• To receive the full tax credit, your adjusted gross income must not exceed $125,000.
  • Dependents can include people of all ages, not just kids, as long as they meet the dependent qualifications.

Earned income tax credit

  • If you’re a household with no kids, the maximum earned income tax credit increases from $543 to $1,502.
  • More taxpayers qualify for the credit. The lower age limit for receiving the credit decreases from age 25 to age 19. The upper limit of 65 for receiving the credit is eliminated. There is no upper age limit for 2021.
Businesses Get More Time to Apply For PPP Loans

Businesses Get More Time to Apply For PPP Loans

Legislation provides other business relief provisions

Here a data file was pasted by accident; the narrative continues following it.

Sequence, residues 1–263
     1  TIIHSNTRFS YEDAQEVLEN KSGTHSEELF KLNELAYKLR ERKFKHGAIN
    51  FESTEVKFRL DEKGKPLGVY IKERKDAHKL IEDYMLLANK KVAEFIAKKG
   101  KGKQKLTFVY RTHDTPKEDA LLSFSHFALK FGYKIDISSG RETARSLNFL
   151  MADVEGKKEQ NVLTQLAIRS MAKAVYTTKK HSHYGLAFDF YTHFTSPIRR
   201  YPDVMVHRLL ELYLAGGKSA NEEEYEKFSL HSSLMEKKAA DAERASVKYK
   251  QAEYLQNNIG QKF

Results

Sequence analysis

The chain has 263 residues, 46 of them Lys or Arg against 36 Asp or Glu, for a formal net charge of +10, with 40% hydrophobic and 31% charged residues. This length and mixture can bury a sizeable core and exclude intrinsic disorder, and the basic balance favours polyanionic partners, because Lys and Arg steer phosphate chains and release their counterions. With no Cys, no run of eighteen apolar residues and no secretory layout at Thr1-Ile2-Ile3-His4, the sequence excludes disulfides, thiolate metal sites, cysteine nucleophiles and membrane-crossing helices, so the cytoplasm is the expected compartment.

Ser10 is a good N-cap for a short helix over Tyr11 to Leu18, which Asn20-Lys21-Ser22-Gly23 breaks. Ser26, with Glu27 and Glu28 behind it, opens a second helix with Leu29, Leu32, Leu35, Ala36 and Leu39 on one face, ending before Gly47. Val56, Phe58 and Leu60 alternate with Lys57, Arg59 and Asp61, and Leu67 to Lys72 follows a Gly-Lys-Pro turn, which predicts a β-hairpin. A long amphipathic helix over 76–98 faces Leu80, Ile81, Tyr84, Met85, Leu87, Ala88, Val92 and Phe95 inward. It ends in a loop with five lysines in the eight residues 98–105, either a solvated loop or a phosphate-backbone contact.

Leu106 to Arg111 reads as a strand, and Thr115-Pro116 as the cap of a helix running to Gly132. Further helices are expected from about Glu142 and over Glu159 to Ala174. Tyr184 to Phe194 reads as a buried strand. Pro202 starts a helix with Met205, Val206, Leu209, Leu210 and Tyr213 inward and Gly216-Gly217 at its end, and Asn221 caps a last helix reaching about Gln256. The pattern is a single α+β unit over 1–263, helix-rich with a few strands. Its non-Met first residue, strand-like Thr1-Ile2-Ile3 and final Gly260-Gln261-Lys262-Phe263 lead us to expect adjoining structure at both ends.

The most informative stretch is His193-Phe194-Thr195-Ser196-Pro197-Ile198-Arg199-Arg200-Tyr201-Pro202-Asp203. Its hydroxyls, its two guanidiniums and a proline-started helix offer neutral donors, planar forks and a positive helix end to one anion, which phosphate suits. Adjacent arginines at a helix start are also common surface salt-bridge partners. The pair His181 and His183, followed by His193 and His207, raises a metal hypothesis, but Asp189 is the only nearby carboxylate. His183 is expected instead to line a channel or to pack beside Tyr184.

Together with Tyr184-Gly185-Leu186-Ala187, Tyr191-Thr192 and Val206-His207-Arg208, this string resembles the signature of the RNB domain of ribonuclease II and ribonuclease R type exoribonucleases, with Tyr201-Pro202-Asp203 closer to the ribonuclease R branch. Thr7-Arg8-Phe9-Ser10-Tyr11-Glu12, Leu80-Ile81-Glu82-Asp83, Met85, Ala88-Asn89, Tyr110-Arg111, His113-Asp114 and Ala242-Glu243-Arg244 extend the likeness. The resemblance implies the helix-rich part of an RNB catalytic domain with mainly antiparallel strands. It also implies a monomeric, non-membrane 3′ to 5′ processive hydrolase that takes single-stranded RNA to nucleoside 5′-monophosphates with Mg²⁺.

Here’s what you need to know about the Paycheck Protection Program (PPP) loans and other business relief provisions of the recently-passed American Rescue Plan Act.

PPP loan application deadline extended. The deadline to apply for PPP loans is now May 31, 2021.

Sick leave extended. If your business provides sick leave for COVID-related reasons, you might get reimbursed for the sick pay through a tax credit.

  • Businesses which voluntarily provide sick leave through September 30, 2021 qualify for the credit. There are limits for each employee. However, for employees who took 10 days of sick leave in 2020 using this same provision, they can take another 10 days beginning April 1, 2021.
  • Refundable tax credits are available through September 30, 2021.